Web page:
• Boone

      I’ve never really seen the “There’s a new sheriff in town” approach work with a wife. Most likely it’ll be added to whatever real or imagined offenses you’ve already committed and make the situation worse.
      I hate to be a downer but bearing a life changing event (illness, serious injury, death) or a Damascus Road conversion the odds of a change in your favor are not good. You’ve ultimately got to decide what you’re willing to live with. Are you content to live with a buddy or do you need a wife? Weigh the options carefully. Either direction is a one way street.

      • Suzanne Wagner

        You are right Boone the “there’s a new sheriff in town” approach won’t work if the goal is to force a unwilling partner to have more sex because duty sex is never okay and punishing your spouse for not fixing their own libido issues is not okay, which is what I see with the comment “new sheriff in town”. Setting healthy boundaries and working on your own self is different and what is being said with the 5 Strategies.

        I don’t buy that a marriage is healthy if one person is not willing to do the work to fix their own stuff, if it truly is their own stuff and not really caused by their partners behavior currently or in the past, and without a healthy marriage, a true partnership with love and intimacy, a wholesome sex life is unlikely.

        • Rebecca Lindenbach

          I want to emphasize your sentence, ” if it truly is their own stuff and not really caused by their partners behavior currently or in the past,” because that’s the key.

          The majority of women who stop having sex do so for good reason. And it’s typically a natural consequence of the marriage the husband has created–often through broken trust or taking advantage of his wife for years and years (housework, one-sided sex, etc). So it’s a very important caveat that first, we should be telling men (and I’m speaking in gendered terms here because of the data we have) to make sure that they haven’t, in essence, made the bed their wife doesn’t want to lie in.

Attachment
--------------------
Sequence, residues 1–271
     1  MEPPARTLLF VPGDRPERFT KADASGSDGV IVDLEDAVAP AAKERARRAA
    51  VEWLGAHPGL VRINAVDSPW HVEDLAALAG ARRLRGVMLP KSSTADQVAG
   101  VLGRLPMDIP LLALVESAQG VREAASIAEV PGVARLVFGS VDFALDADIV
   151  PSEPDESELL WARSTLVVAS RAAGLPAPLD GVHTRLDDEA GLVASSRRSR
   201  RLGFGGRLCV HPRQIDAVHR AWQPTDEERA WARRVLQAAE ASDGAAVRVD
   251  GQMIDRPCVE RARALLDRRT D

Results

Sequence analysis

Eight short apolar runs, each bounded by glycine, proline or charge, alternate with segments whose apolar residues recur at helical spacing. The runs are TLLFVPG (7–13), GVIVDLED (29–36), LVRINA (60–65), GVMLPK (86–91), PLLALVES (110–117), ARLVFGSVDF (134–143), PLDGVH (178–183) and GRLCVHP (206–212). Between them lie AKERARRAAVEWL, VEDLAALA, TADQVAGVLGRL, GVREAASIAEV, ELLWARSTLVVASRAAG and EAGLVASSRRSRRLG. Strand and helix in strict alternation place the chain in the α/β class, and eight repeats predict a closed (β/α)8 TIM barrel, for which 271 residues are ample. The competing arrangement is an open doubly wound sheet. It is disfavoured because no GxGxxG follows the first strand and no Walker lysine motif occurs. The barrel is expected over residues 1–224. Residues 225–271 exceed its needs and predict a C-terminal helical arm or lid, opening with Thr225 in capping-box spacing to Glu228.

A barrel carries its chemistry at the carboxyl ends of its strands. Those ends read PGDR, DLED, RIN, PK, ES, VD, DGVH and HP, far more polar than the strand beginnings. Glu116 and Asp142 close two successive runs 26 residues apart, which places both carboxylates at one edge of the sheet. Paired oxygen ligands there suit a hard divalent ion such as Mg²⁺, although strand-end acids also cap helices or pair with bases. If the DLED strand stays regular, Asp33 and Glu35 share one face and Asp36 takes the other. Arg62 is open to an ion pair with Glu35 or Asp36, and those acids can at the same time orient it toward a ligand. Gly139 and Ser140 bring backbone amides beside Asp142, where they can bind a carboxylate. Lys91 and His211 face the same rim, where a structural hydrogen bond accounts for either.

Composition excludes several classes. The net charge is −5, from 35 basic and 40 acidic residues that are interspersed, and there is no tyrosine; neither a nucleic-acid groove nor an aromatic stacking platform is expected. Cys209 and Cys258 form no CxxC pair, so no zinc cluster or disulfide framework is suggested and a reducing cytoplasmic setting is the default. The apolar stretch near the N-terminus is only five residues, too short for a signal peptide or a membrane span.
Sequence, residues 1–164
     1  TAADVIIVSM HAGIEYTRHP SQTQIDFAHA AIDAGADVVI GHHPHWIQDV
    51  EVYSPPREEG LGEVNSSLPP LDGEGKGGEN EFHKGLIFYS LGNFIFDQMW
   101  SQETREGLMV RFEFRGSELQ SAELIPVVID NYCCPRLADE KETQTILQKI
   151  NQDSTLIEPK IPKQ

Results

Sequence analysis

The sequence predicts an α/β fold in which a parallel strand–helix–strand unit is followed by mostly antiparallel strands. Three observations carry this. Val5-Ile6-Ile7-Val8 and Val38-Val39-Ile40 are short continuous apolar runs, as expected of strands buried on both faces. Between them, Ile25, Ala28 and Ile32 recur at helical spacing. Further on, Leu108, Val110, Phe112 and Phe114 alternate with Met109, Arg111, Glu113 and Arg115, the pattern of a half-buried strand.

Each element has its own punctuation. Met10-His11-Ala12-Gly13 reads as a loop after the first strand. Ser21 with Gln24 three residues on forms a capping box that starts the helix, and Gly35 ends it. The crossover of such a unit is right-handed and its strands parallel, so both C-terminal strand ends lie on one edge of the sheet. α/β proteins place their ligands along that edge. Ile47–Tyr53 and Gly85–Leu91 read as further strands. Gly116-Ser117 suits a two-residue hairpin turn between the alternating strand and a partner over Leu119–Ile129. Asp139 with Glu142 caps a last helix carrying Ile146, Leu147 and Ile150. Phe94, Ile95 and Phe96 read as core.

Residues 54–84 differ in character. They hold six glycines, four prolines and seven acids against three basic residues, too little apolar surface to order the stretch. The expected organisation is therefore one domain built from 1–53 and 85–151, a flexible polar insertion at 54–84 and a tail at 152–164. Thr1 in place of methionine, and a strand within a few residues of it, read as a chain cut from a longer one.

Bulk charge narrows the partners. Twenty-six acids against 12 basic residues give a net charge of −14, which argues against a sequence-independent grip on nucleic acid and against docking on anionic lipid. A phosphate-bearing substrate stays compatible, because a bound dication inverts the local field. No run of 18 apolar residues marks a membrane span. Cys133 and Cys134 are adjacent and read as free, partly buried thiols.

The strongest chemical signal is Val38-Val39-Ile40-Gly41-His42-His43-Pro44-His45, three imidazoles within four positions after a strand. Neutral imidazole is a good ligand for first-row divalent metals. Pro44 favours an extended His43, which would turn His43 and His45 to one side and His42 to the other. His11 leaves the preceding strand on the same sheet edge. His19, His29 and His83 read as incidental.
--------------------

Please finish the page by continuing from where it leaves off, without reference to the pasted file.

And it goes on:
But if both people aren’t willing to do their part, you’re right. things won’t change. But sometimes if you’re the one who did the wrong first, you have to step up first and repair understanding that it may take your spouse a long time to want to do their part–if they ever do.

      • Lisa

        If it doesn’t work, then you’re not actually doing it. The point isn’t to magically make someone do what you want them to do. The point is to take care of yourself and any children you might have, allowing your spouse to fully feel the natural & logical consequences of their choices. You don’t bail them out (unless it would impact the children).

        So, if you know your spouse will just not get gifts for your child’s birthday & not make the cake, you don’t ask them to do that. But, you also can choose to say, “happy birthday” and not do anything else on their birthday if they have shown you they will do nothing to celebrate your birthday.

        If you are doing all the household chores and they refuse to do their share, you cannot stop cleaning and let the bathrooms & kitchen become unsanitary, but you can stop doing your spouse’s laundry and putting their things away. You can put all of the things they don’t put away into a bag and set it on their dresser or desk. You can let their dirty laundry sit there and they will eventually have to do their laundry.

        If you are doing all the cooking, you make the meals that are efficient and appealing to you. Cold sandwiches and carrot sticks are a fine dinner if you’re tired and short on time. If they don’t like it, they can prepare the next meal to be something they enjoy.